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Scrapping Food Grants is False Economy: Alliance


Monday, 24th February 2014 at 5:36 pm
Staff Reporter, Journalist
The Federal Government’s decision to scrap the $1.5 million Community Food Grants program is false economy and shows it is disconnected from the Australian community, according to the Australian Food Sovereignty Alliance (AFSA).

Monday, 24th February 2014
at 5:36 pm
Staff Reporter, Journalist


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Scrapping Food Grants is False Economy: Alliance
Monday, 24th February 2014 at 5:36 pm

The Federal Government’s decision to scrap the $1.5 million Community Food Grants program is false economy and shows it is disconnected from the Australian community, according to the Australian Food Sovereignty Alliance (AFSA).

Calling on the Government to rethink its decision, AFSA spokesman Dr Nick Rose said the grants would have stimulated the emerging community food sector, which is made up of voluntary enterprises, Not for Profit, social enterprise and small, for-profit businesses.

Rose said experience elsewhere shows this sector to be a dynamic job creator.

"And really the justification that it's in any way going to make any difference to the total government Budget bottom line is quite frankly ludicrous,” Rose told ABC Rural. “We're only talking about $1.5 million.

"Really, it's quite a petty and almost spiteful slap in the face to people who have a different vision, different set of values about what food and farming can mean for this country.”

In a subsequent media statement, Rose said the Government should instead be looking at ways to improve the program, such as dropping any requirement that organisations raise matching grants to qualify. “This was an insurmountable barrier to many," he said.

The  Community Food Grants program was announced last May and formed a significant part of the previous Labor government’s National Food Plan. The program’s first round attracted 364 applications.

It would have seen money invested in projects such as farmers markets, food co-operatives and hubs, community gardens, and city farms across the country. But applicants have been advised by letter that the program has been reviewed and won't be continued due to the “tight fiscal environment”.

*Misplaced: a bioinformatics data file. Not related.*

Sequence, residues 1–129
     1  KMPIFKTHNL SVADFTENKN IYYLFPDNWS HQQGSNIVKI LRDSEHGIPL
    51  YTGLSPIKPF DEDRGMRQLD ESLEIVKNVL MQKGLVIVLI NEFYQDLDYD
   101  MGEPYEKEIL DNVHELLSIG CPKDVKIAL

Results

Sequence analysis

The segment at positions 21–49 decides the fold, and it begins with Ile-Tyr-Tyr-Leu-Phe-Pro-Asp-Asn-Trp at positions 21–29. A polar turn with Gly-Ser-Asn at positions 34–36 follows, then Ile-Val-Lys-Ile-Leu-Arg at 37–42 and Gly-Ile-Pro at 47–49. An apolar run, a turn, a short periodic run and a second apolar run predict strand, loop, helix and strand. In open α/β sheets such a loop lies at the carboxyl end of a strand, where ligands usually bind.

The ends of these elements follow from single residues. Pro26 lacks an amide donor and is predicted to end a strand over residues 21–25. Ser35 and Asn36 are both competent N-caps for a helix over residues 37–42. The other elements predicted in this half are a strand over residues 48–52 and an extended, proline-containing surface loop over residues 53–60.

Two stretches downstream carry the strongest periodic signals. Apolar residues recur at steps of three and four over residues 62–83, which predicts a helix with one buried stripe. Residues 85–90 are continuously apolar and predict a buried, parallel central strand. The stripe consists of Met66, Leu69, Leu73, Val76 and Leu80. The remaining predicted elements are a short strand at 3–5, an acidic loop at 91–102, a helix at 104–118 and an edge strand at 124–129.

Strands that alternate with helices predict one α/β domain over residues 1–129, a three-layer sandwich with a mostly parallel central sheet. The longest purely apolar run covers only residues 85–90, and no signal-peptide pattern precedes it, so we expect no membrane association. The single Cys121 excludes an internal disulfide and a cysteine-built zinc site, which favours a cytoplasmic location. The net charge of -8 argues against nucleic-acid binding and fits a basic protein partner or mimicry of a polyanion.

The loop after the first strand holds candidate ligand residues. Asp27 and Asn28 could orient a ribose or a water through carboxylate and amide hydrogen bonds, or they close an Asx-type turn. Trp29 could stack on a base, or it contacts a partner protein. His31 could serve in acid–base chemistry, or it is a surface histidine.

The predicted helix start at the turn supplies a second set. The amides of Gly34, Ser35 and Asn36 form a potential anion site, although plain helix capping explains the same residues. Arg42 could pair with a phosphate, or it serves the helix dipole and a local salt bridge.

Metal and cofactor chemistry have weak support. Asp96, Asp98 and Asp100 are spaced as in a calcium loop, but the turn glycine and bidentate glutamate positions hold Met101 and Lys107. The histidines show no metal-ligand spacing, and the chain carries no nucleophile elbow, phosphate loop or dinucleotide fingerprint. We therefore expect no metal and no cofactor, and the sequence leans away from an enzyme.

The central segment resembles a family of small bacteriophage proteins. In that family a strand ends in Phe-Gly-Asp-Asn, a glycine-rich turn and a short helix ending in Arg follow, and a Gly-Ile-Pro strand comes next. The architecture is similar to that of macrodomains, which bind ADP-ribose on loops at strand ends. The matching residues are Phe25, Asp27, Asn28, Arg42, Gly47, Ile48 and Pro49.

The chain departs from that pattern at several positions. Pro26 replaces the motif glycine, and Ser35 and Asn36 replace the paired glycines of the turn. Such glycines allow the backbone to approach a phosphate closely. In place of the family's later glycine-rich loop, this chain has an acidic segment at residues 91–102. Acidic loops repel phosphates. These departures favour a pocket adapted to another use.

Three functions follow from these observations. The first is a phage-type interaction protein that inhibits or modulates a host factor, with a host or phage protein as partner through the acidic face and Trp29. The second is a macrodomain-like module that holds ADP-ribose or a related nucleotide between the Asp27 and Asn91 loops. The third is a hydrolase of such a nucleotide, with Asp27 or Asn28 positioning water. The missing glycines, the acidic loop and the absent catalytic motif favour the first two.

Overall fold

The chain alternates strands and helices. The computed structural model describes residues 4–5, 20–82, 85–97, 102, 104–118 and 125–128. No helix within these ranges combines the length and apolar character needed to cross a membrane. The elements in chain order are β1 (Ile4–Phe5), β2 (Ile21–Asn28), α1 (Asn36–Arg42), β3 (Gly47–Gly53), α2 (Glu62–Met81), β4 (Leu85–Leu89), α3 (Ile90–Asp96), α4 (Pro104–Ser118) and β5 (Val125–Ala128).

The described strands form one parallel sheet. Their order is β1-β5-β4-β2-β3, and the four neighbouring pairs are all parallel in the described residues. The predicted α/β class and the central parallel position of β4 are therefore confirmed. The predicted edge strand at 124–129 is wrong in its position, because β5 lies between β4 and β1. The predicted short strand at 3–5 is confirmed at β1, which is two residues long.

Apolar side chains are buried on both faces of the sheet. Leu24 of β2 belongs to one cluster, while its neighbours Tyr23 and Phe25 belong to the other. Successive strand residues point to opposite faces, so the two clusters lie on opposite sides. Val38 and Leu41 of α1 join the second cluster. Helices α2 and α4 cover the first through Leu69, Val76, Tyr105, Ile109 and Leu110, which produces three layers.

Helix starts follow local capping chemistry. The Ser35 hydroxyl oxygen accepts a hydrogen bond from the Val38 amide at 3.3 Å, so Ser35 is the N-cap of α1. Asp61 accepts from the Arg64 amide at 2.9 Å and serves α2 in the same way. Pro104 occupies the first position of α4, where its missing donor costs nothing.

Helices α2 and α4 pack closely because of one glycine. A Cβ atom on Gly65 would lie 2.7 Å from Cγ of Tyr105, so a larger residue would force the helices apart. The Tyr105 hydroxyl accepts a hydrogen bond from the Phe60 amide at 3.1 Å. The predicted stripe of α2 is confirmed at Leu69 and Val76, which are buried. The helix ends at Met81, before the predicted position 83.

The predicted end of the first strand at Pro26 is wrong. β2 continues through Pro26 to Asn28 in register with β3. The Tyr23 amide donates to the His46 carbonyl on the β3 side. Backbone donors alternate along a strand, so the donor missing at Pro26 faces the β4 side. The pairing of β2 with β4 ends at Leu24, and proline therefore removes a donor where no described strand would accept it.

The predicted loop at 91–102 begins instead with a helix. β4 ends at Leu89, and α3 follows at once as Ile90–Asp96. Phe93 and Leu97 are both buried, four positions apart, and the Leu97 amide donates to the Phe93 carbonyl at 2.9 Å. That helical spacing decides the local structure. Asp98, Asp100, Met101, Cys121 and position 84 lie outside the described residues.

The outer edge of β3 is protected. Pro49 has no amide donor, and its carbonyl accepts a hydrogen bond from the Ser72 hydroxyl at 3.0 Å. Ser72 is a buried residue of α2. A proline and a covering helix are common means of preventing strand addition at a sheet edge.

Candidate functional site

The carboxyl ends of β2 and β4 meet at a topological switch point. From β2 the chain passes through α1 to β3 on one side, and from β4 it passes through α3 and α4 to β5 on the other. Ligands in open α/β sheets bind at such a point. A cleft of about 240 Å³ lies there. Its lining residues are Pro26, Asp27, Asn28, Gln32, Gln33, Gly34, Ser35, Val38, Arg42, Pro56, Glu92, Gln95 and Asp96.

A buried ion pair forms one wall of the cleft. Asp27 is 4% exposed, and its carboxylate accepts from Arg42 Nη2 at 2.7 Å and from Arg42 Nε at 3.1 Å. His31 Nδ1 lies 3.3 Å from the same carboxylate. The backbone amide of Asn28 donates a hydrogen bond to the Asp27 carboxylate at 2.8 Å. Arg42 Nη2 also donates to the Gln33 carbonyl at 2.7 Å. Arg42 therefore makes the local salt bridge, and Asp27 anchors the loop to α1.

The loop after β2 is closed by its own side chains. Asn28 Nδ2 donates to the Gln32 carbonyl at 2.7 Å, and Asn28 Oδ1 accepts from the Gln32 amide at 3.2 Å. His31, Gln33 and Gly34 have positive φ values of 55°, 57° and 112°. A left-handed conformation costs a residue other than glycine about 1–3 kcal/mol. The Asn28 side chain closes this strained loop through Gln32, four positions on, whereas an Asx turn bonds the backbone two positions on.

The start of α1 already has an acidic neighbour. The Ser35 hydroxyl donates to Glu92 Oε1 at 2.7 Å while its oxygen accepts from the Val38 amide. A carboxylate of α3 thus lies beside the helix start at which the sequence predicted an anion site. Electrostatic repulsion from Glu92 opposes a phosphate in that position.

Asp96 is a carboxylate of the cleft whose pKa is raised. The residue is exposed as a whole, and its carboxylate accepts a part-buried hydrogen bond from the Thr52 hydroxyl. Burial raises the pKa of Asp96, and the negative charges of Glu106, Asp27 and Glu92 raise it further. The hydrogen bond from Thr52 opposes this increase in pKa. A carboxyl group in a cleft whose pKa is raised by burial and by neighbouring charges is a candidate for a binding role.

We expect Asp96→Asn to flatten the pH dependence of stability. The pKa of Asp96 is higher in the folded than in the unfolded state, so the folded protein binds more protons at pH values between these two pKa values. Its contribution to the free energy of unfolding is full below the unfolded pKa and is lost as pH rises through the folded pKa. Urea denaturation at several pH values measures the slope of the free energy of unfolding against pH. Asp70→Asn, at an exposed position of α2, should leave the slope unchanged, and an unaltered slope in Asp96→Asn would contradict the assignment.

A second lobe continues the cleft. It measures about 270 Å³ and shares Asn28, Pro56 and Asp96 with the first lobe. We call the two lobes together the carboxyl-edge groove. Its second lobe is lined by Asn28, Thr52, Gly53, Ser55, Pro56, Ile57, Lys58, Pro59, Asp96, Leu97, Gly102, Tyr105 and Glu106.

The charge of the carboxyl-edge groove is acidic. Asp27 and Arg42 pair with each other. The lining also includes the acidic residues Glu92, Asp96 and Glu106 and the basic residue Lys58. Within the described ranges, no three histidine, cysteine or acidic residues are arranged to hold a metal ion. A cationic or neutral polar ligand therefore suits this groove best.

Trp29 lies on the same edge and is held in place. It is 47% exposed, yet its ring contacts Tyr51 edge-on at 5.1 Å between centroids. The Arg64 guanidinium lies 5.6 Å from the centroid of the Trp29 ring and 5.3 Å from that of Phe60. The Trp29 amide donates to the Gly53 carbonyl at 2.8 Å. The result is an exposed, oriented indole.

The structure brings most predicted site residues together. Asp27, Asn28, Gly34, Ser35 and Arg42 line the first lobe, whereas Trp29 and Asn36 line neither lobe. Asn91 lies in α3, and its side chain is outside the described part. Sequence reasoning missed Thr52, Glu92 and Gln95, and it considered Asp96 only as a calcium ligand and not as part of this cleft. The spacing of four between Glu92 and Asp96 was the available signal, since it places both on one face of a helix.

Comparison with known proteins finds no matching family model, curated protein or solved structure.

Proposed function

Rose said last year’s announcement was the first time work by the community food sector had been recognised at a federal level. He said the grants would have helped the community food sector to develop new initiatives and improve those already existing.

“These take an amazing variety of forms, ranging from the do-it-yourself examples of food production in community gardens, through to the growing number of direct marketing schemes such as farmers' markets and small, innovative social businesses like the community-supported agriculture schemes found in our cities,” he said.

"Rather than a financial liability, the grant scheme is better seen as an investment in our social innovators. They take a trend they see forming in the community food sector and turn it into a community initiative or a business opportunity, often creating jobs and supplying the market with quality products.

"What we need in this country is a government with vision and capacity for leadership, that can see the potential in the community food sector and offer timely stimulus through well-directed start-up funding,” Rose said.

Through the collaborative development of the Peoples' Food Plan – Australia's first crowdsourced food policy – AFSA has documented the growth of community-based food initiatives in the voluntary sector and of the growing number of business-based food initiatives emerging around Australia.

A spokesperson for the Department of Agriculture told ABC Rural that the Federal Government is developing a White Paper on Agricultural Competitiveness, which will drive long-term agricultural policies.

"The White Paper will take into account the analysis done for the National Food Plan, in the context of the government's agriculture and food related policies,” the spokesperson said.


Staff Reporter  |  Journalist  |  @ProBonoNews



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